Stalemate on Darfur

Fight disinformation: Sign up for the free Mother Jones Daily newsletter and follow the news that matters.


When we wrote last week about Darfur, the UN was talking about taking over peacekeeping duties from the African Union there. Now top UN officials are claiming that the African Union is backing away from the plan. The Sudanese government has opposed UN involvement, and has helped fuel anti-UN sentiment around the continent, with other African leaders expressing concern that outside involvement will only cause more violence in the region.

Among other things, the UN’s special envoy for Sudan, Jan Pronk, said that “there has been talk” that Sudan will become the “same situation as Iraq a couple years ago”—i.e., that an insurgency will appear to fight the intervention force, or that al-Qaeda will become more active in the region. Just days ago, Sudanese president Omar al-Bashir warned that Darfur would become a graveyard for any military force entering the region without Sudan’s permission.

It’s questionable how long the African Union can remain effective in Darfur. A larger intervention force will be needed not only to stop the Sudanese militias that continue to carry out genocide, but also to enforce negotiations between Darfur and a president who demonstrates a lack of regard for his own citizens. Today the United States will hand the rotating Security Council presidency over to Argentina. That leaves a month before the seat goes to China, which has significant oil and trade interests in Sudan and is extremely unlikely to take any sort of lead in halting genocide there.

We've never been very good at being conservative.

And usually, that serves us well in doing the ambitious, hard-hitting journalism that you turn to Mother Jones for. But it also means we can't afford to come up short when it comes to scratching together the funds it takes to keep our team firing on all cylinders, and the truth is, we finished our budgeting cycle on June 30 about $100,000 short of our online goal.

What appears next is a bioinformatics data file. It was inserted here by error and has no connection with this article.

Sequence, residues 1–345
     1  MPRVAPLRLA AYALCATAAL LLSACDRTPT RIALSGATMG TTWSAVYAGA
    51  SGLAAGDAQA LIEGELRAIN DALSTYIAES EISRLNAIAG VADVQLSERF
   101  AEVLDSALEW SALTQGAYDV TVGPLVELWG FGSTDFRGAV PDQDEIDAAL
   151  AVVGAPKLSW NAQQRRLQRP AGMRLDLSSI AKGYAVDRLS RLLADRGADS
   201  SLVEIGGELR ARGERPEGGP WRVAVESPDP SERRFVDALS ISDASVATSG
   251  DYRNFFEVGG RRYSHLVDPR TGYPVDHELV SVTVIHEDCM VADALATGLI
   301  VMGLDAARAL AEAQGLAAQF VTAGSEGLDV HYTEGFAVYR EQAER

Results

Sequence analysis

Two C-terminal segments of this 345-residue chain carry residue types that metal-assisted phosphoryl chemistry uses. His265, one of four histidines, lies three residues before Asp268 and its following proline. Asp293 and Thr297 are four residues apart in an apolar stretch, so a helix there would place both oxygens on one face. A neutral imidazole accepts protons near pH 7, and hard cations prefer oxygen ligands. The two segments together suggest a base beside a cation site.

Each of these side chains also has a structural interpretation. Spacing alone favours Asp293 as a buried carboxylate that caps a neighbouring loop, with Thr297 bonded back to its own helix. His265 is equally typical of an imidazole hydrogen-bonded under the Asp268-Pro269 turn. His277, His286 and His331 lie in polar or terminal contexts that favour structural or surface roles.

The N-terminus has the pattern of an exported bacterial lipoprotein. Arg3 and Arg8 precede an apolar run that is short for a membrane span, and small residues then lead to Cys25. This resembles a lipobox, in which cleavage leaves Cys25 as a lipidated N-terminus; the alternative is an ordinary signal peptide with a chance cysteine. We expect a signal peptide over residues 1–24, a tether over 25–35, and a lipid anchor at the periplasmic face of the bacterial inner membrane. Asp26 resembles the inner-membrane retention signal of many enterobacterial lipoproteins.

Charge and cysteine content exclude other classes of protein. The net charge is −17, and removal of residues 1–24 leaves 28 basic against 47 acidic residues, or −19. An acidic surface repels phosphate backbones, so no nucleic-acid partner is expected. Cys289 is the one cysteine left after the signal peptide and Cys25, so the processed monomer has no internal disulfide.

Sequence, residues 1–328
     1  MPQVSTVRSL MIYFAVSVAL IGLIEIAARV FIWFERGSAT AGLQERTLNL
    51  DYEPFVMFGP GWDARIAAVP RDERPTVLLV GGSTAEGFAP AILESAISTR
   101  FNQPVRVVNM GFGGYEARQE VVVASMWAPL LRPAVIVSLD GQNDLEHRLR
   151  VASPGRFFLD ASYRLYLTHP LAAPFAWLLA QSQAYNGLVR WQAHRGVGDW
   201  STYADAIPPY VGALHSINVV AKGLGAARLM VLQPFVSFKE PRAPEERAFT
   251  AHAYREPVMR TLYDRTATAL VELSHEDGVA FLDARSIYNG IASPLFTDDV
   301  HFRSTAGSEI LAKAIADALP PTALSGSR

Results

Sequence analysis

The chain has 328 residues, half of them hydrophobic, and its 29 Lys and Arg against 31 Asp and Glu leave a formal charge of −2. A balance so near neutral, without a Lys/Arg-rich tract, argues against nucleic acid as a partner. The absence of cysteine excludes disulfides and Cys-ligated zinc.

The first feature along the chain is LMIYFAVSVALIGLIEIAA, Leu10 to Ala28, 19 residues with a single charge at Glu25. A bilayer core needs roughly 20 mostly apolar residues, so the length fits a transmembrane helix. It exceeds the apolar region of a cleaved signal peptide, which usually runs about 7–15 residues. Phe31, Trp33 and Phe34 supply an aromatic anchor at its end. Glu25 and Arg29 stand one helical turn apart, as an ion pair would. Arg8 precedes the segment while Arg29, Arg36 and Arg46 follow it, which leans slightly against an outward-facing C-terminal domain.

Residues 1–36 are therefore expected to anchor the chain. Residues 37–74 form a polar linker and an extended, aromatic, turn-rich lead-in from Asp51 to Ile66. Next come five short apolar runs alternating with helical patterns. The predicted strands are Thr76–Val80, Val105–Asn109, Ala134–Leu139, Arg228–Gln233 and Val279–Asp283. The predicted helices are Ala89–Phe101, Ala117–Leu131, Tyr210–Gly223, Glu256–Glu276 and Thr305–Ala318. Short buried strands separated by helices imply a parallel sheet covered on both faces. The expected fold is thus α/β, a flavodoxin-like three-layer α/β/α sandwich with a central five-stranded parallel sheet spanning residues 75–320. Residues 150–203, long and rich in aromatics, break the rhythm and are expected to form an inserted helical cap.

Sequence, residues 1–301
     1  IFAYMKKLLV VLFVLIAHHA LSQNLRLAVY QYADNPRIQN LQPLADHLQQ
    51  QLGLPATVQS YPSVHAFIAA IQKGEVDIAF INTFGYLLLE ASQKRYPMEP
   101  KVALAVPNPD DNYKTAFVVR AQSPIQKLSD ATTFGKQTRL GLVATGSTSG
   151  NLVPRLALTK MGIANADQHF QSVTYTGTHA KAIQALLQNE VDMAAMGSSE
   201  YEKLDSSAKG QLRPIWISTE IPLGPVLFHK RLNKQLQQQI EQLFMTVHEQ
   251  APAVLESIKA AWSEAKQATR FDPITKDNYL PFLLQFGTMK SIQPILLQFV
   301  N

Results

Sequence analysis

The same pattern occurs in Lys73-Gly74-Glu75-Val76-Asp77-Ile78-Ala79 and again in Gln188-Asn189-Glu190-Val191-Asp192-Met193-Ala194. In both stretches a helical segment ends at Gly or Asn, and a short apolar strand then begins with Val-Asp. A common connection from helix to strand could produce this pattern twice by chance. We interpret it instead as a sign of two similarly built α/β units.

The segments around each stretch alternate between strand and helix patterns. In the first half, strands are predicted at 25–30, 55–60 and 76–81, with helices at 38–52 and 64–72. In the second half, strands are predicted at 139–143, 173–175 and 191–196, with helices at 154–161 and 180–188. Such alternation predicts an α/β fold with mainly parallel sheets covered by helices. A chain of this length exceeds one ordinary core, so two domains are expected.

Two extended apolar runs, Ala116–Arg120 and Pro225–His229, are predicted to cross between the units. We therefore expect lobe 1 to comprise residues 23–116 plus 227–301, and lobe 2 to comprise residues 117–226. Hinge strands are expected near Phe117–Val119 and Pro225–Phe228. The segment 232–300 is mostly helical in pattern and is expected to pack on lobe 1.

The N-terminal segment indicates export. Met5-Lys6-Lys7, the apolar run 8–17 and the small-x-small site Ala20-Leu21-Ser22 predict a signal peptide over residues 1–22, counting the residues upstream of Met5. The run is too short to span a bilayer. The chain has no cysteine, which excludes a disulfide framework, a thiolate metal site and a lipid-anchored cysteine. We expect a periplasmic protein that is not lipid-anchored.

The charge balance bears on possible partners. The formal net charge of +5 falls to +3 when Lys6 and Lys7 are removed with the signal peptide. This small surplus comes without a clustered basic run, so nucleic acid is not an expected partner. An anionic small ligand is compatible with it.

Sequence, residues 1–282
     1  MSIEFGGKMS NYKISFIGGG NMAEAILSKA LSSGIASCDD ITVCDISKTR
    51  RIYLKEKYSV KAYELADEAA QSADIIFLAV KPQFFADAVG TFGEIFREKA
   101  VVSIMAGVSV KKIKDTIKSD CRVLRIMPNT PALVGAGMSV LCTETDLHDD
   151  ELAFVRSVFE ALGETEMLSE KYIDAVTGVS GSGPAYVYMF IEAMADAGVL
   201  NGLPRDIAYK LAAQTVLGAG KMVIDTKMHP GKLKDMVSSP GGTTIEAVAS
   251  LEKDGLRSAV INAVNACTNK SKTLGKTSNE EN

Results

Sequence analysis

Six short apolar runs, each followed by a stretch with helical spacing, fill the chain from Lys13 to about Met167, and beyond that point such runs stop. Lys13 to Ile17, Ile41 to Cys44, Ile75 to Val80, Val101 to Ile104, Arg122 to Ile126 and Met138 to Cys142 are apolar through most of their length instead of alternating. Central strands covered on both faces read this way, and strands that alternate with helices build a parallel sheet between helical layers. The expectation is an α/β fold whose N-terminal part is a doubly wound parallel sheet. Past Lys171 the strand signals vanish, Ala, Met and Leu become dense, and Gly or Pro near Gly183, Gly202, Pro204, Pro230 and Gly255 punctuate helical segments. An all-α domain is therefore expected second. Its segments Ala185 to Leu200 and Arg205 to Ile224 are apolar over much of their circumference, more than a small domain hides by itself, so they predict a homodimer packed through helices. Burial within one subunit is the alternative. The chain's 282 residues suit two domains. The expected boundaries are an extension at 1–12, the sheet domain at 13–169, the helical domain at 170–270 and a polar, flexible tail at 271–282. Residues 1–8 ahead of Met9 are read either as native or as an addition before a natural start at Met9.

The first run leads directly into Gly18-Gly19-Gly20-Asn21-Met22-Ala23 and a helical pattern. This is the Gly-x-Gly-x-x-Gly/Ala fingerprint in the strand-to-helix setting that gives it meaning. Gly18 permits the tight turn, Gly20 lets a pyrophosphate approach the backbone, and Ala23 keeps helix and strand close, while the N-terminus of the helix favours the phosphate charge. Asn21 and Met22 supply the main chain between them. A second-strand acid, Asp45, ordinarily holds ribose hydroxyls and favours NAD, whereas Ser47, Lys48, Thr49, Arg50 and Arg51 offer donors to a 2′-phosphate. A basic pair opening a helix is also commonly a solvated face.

This is no time to come up short. It's time to fight like hell, as our namesake would tell us to do, for a democracy where minority rule cannot impose an extreme agenda, where facts matter, and where accountability has a chance at the polls and in the press. If you value our reporting and you can right now, please help us dig out of the $100,000 hole we're starting our new budgeting cycle in with an always-needed and always-appreciated donation today.

payment methods

We've never been very good at being conservative.

And usually, that serves us well in doing the ambitious, hard-hitting journalism that you turn to Mother Jones for. But it also means we can't afford to come up short when it comes to scratching together the funds it takes to keep our team firing on all cylinders, and the truth is, we finished our budgeting cycle on June 30 about $100,000 short of our online goal.

This is no time to come up short. It's time to fight like hell, as our namesake would tell us to do, for a democracy where minority rule cannot impose an extreme agenda, where facts matter, and where accountability has a chance at the polls and in the press. If you value our reporting and you can right now, please help us dig out of the $100,000 hole we're starting our new budgeting cycle in with an always-needed and always-appreciated donation today.

payment methods

We Recommend

Latest

Sign up for our free newsletter

Subscribe to the Mother Jones Daily to have our top stories delivered directly to your inbox.

Get our award-winning magazine

Save big on a full year of investigations, ideas, and insights.

Subscribe

Support our journalism

Help Mother Jones' reporters dig deep with a tax-deductible donation.

Donate